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New York Road Rage Investigation Prompts Second Undercover Cop To Come Forward

14. Digital now accounts for about half the companys ad revenue, but that is attributable as much to prints steady erosion as it is to digitals gains in recent years. Before the recession, New York racked up 3,343 ad pages in 2007, according to MIN 1,500 pages more than it is expected to tally this year. Ad pages fell 12 percent in 2008, followed by a staggering 27 percent drop in 2009. And in a move that is sure to be worrisome as it pushes for digital dollars, Web traffic in September dropped to 3.6 million unique monthly visitors, according to comScore, a 16 percent drop from last year. A Wasserstein family trust inherited the magazine after the death of Bruce Wasserstein in 2009. The financier brought it for $55 million back in 2003. So far, the Wasserstein family has kept the magazine and websites rolling, but it is not clear what the trusts capacity is to absorb losses over a prolonged period. The most recent example in the weekly media world holds little promise. When stereo equipment magnate Sidney Harman died in April 2011, only months after rescuing Newsweek, his family trust soon bailed on the money-losing magazine. Like other weekly publications, New York has resorted to more double issues in slow periods and a gradual cutback in frequency.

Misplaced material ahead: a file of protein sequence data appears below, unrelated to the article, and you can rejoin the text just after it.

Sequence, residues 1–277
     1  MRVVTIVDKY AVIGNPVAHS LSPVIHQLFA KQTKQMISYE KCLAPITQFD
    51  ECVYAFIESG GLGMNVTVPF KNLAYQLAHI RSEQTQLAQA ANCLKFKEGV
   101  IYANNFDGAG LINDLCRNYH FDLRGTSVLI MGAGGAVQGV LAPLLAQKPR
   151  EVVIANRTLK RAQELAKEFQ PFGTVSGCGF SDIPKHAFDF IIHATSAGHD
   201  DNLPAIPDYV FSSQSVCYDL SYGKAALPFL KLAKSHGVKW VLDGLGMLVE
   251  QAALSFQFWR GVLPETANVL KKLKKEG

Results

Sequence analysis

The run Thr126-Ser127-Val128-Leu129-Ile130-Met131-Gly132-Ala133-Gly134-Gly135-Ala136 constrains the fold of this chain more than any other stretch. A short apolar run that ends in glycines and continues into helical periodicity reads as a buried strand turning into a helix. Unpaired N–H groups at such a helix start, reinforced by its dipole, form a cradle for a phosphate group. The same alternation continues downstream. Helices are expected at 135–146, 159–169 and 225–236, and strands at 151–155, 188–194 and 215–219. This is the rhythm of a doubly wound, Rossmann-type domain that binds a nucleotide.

Undercover police officer Matt Rodriguez, 28, has worked in plainclothes fighting crime in New York City’s subways and was recently assigned to an elite undercover unit in Internal Affairs, the New York Police Department unit that fights police corruption. But when CBS News met Rodriguez at the district attorney’s office Tuesday, he was the one on the hot seat, CBS News senior correspondent John Miller reported on “CBS This Morning” Wednesday. NYC motorcycle road rage incident may have ruined a large investigation Rodriguez and his lawyer, Pat Bonanno, emerged from a meeting with prosecutors after more than an hour of discussions over the case of the motorcycle assault against SUV driver Alexian Lien in front of his wife and child. Rodriguez said he had nothing to do with the assault. Miller asked Rodriguez, “How hard has this been going through this, especially with all the attention?” Rodriguez said, “It has been difficult, but I can only take it one day at a time from now on.” Rodriguez is now the second New York City undercover officer to come forward to say he was riding with the group that was involved in the assault. Just last week, the first undercover New York City detective who came forward was charged with assault, riot and criminal mischief after investigators said he lied about his role in the attack on the SUV. The lawyer for Rodriguez says his client’s story checks out. Miller asked, “What you told him was you weren’t there for any assault, you weren’t part of any assault, you didn’t even witness any assault?” Bonanno interrupted, saying, “John, with all due respect, I’m gonna stop you right there.” Bonanno says his client had fallen to the rear of the pack of motorcycles and that he didn’t see the confrontation where the SUV was surrounded by motorcycles and drove over two of them to escape. Rodriguez reportedly told investigators he took a different exit off the highway to visit his grandfather in a nursing home, so he was never even on the street where the final assault took place. Bonanno said, “Police Officer Matt Rodriguez voluntarily presented himself to the Manhattan district attorney’s office to answer any and all questions and concerns the had regarding his alleged involvement of the incidents of September 29th. It appears hat the district attorney’s office will discover, as we have known from day one, that there are no acts of criminality on behalf of Matthew Rodriguez.” Asked how it felt to sit down with investigators and get his story out, Rodriguez said, “I was just glad to be given the opportunity to actually say my piece.” Miller asked Bonanno, “Is it appropriate for police officers to be part of some motorcycle gang?” “Number one, this is not a motorcycle gang,” Bonanno said. “Frontline Soldiers was a small group of law enforcement individuals and former veterans. NYPD itself has a motorcycle club, so he was part of an organization of other law enforcement individuals that he thought was involved in charitable organizations and charitable things.” Miller added on “CBS This Morning” that Rodriguez has not been suspended or put on modified assignment, which is assigned to desk duty without a badge or a gun, but prosecutors do have other questions for him, including what contact he did or didn’t have with other officers before, during and after the assault.